How to close Firefox from the Ubuntu command line

browser, web, www

About five years ago I answered a question on — Can I close firefox browser tab or firefox browser from ubuntu terminal?

My answer to this question was to use wmctrl, a CLI program to interact with an X Window Manager.

For closing the browser gracefully, wmctrl should do the trick:

DISPLAY=:0.0 wmctrl -c "Firefox"

you may need to install it first with

sudo apt-get install wmctrl

see the wmctrl man page for more info

I had completely forgotten about answering that question until today when I was notified via e-mail that the answer received a comment.

it doesn’t really work. It closes window, but doesn’t quit app. That’s different things.

Poige is right. My solution doesn’t terminate the firefox process. All my solution does is close a window with “Firefox” in the title. If there happens to be more than one Firefox window open, the the firefox process remains running.

Well, how about a loop? We can run wmctrl multiple times, until it exits with a non-zero exit code.

while wmctrl -c "Firefox"; do sleep 0.1; done

This loop would run repeatedly, each time closing a window with “Firefox” in the title. The loop stops when there are no more windows with “Firefox” in the title.

That sleep command is in there to give the system time to process the window closure.

These commands run fine and dandy unless you have the configured preference in your browser to warn when closing multiple tabs.

The default Firefox setting warns when closing a window with multiple tabs.

Whoops! wmctrl can’t do anything about this confirmation dialog. It doesn’t have the capability of reading dialog buttons or pressing them!

we could always run killall firefox if our end goal is to simply terminate the firefox process.

This has a few downsides. The first is that Firefox may interpret this termination as a crash. Upon starting Firefox in the future, Firefox may present you with a message indicating that there was a problem with your last browser session.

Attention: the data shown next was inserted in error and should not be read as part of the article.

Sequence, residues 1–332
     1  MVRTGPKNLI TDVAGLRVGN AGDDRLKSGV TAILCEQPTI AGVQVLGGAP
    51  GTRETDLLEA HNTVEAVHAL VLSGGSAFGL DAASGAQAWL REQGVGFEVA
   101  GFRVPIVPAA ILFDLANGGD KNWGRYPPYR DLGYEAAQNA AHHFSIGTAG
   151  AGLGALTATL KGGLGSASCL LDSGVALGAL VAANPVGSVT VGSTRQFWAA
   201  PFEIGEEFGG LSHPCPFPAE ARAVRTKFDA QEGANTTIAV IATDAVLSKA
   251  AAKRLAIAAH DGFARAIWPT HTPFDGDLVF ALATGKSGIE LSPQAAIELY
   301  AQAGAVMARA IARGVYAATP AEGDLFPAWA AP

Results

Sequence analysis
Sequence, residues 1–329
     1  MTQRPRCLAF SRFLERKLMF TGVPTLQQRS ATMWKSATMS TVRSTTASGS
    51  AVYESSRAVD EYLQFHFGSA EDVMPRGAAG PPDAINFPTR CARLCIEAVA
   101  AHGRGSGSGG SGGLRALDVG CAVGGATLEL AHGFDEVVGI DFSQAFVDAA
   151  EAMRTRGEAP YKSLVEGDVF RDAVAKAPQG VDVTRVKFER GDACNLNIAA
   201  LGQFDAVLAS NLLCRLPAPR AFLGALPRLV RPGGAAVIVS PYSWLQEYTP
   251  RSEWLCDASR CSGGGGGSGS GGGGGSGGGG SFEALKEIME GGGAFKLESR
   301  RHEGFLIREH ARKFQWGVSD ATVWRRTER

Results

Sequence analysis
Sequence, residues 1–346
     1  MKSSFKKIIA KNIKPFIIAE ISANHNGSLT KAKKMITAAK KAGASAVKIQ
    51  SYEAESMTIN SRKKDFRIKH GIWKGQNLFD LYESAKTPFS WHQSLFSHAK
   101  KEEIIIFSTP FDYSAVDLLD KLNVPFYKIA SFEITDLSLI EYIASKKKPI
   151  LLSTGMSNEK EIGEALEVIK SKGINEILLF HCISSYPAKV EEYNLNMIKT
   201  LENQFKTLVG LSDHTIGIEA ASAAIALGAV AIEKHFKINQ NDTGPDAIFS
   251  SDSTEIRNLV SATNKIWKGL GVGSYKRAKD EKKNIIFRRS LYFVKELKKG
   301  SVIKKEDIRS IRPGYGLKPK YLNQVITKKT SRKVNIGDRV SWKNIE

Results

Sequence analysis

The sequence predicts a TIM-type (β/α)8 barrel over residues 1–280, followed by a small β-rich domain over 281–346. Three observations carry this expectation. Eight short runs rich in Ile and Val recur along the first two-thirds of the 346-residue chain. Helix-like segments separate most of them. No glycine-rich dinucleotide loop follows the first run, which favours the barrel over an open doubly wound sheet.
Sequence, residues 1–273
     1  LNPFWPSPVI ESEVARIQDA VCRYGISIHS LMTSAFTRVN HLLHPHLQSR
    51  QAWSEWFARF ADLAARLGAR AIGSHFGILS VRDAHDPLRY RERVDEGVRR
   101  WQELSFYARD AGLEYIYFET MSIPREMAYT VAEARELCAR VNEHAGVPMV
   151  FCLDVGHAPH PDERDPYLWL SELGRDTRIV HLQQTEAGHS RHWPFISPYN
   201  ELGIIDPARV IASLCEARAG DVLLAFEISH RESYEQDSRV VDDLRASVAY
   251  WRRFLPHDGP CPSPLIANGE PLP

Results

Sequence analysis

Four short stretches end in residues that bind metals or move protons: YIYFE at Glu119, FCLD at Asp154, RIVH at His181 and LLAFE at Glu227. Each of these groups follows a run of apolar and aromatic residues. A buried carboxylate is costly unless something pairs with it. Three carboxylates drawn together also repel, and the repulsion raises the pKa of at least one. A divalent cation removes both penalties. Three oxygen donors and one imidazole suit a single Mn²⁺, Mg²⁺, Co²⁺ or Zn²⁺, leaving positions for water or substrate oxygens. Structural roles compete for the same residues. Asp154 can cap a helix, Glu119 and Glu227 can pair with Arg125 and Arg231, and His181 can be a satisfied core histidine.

Firefox asks if you want to start a new session or restore the last one.

This may or may not be a problem for you, depending on your needs. However, I want to offer a solution which offers the best of both worlds–

An programmatic way to close Firefox as if a human had gone through the steps to close Firefox.

So what is it that a human would do to close Firefox? They’d probably click the big “X” in the top right corner, followed by clicking “Close Tabs” on the confirmation dialog.

Can we do that same thing via the command line? Sure can!

I’m going to build upon ZyMOS’s script by adding a few lines which handle the potential for a close confirmation dialog.

This script makes use of the CLI utility, xdotool.


# Find the window ID of a Firefox window.
FFWID=$(xdotool search --name "Mozilla Firefox" | head -1)

# use the Firefox window ID to activate that window
xdotool windowactivate --sync $FFWID

# Send the "Quit" hotkey "Ctrl + q" to Firefox.
xdotool key --clearmodifiers ctrl+q

# Give the system a moment to process
sleep 0.1

# Find the window ID of the Firefox close confirmation window
CWID=$(xdotool search --name "close tabs")

# End the script if xdotool didn't detect a confirmation window
if [ $? -ne 0 ]; then
  exit 0

# Activate the Confirmation window
xdotool windowactivate --sync $CWID

# Simulate an "enter" key press in the confirmation window.
# This does the default action of pressing the "Close tabs" button.
xdotool key --clearmodifiers Return

That should do it! When run, this script will send Firefox the “Ctrl+q” hotkey which tells firefox to quit. Firefox may prompt the user for confirmation to close all tabs and quit, at which point the script will activate the confirmation window and press enter.

If Firefox’s confirmation window doesn’t appear, the script simply exits.

I recommend saving this script as and copying it somewhere in your environment PATH such as ~/.local/bin/. This way, you can simply run in your terminal, and firefox will gracefully close straight away.

Let me know what you think!

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